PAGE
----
Are you including the cost of insurance, registration and gas in the above calculations? or just repairs and maintenance?

I don't have good records on car maintenance expenses so I can't add any real data to the thread. A quick estimate:

Used 92 Taurus Wagon in 1996: $8,000
Oil changes, tune ups and tires, average: $300 to $400 per year
Major repairs, total: $3,000? (maybe less than that).

Annual expenses: about $1700 per year

This does not include gas or interest expense. *We have put about 100,000 miles on it, mostly back when I used to commute, plus a few cross country trips.

If I needed the car to commute, it would not be reliable enough or presentable enough due to paint peeling and rust *(it was a very nice car until about 2002). *I walk or bicycle to work. *The car is very handy to have for shopping and running errands. *

My strategy at this time is to continue to drive it until I think it will have major problems and then junk it. *It was up for sale last summer and no one even looked at it. *Eventually there will have to be a replacement and I will have to go through the difficult process of choosing another vehicle.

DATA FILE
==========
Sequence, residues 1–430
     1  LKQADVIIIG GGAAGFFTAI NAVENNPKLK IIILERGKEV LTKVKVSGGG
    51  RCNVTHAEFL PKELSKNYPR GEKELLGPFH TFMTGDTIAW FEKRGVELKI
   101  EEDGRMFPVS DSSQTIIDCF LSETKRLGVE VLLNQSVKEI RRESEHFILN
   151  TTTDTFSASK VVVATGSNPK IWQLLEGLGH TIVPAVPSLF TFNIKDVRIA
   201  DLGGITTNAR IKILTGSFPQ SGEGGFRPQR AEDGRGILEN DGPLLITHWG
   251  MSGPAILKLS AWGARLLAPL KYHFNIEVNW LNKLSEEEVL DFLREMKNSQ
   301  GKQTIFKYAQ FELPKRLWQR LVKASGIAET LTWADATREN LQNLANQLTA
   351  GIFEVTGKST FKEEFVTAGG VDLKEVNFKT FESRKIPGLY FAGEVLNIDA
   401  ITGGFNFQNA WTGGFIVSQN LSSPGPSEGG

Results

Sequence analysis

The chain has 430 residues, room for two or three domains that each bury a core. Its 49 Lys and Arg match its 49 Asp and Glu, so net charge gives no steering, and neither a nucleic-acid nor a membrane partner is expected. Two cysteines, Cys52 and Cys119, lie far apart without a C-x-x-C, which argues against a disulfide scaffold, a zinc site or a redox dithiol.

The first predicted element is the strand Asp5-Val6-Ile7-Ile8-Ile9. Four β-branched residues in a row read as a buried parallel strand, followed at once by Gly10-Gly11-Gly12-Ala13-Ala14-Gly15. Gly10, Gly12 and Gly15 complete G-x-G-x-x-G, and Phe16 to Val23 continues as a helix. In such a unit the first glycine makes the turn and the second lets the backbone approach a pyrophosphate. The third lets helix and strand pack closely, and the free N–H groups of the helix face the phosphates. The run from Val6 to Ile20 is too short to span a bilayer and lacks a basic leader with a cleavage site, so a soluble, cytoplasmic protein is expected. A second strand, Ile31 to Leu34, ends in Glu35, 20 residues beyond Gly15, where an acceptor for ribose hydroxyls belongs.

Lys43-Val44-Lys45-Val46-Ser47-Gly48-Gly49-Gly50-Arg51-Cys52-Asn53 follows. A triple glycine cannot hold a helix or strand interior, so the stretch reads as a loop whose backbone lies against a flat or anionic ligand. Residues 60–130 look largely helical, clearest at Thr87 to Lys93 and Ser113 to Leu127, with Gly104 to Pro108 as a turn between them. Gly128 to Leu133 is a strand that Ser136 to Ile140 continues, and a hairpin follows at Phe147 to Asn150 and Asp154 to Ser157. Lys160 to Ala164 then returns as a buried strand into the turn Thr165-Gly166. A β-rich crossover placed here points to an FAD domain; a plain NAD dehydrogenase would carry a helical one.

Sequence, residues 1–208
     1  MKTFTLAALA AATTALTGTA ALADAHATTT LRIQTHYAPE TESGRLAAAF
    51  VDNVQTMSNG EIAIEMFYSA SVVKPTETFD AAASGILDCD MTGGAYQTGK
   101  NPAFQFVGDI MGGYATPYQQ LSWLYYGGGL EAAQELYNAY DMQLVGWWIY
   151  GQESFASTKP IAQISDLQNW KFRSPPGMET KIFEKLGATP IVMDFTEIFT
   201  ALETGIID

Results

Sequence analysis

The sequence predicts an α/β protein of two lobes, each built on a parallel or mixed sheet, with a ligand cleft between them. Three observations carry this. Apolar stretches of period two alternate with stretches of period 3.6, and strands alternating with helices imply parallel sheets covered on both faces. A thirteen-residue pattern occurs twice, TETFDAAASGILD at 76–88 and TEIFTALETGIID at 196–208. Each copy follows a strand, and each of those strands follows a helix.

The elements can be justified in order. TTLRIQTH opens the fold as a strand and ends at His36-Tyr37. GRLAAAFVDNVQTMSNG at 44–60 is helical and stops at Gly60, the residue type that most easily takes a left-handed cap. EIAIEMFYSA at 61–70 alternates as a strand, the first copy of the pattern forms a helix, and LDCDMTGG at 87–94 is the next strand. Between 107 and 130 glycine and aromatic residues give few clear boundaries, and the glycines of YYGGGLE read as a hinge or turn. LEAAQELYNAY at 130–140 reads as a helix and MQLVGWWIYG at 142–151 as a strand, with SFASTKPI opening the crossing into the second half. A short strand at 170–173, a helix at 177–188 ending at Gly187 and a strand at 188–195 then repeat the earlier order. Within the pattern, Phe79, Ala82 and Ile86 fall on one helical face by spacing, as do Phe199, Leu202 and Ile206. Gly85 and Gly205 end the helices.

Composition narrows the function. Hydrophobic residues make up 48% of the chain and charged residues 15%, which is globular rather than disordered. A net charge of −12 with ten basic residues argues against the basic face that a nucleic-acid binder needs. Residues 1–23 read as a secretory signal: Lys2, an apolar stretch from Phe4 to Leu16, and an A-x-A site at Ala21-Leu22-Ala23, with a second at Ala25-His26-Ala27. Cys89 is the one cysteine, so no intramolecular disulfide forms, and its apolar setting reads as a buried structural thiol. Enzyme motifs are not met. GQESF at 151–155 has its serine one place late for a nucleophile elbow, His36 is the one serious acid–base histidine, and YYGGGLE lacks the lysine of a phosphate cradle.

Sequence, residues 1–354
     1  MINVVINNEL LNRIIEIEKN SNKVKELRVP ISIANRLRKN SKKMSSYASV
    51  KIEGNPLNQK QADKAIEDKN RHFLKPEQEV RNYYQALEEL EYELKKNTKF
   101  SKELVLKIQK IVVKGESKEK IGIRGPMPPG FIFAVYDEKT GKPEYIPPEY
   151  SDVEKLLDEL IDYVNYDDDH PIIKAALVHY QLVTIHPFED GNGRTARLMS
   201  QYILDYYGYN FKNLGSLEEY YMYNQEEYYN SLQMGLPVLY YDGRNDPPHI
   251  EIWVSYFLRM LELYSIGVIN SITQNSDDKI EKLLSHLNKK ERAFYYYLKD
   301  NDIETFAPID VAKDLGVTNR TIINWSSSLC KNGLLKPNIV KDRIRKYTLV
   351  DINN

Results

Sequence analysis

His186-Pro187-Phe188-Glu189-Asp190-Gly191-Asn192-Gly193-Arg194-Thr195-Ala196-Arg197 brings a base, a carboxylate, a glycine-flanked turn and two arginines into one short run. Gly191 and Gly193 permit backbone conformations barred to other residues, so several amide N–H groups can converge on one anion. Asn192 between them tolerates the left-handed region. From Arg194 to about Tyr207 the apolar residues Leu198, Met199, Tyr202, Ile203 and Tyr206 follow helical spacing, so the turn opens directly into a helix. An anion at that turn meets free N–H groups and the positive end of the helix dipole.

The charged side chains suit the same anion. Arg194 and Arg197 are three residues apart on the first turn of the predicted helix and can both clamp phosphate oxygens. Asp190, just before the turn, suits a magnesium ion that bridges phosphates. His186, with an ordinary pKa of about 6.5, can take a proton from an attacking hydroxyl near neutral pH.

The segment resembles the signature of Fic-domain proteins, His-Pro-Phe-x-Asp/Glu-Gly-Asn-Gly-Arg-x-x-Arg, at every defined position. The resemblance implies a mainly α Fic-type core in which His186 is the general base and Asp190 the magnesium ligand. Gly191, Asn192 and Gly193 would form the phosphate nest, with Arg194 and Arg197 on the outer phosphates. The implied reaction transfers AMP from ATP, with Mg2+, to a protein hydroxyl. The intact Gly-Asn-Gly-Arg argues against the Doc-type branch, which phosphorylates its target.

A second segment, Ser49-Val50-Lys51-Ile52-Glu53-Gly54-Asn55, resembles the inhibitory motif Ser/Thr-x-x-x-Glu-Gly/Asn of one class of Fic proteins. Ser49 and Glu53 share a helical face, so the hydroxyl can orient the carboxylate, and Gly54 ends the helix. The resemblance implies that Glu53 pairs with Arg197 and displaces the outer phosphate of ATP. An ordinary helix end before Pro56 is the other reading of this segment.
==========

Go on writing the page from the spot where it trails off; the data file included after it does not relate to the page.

I would like to buy a new Scion xA and drive it for a long time, but I also need to be able to tow a small boat and utility trailer, and I'm not sure the Scion can handle it.
I wasn't including insurance or registration. Of course, you'll save a little with the older cars with this...
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Re: Cars - A Basic Calculation
Old 12-12-2004, 06:29 AM   #17
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Re: Cars - A Basic Calculation

If I had a house, one strategy I'd enjoy doing is buying two older classic cars - I've owned two 66 Mustangs - and do all the work myself. *If I owned these for 10 + years, which I would enjoy doing in the case of a Mustang, I wouldn't mind doing all the work. *These kind of cars are actually fun to work on. *I can't stand trying to do anything on the modern cars - you always have to fight through 5 layers of emissions crap just to get to the engine! *(I wouldn't do engine block work but I'm not afraid of most other things.)

Why two classics? *Cuzz you can't get parts often and have to wait two weeks or search junk yards or order from CA, etc.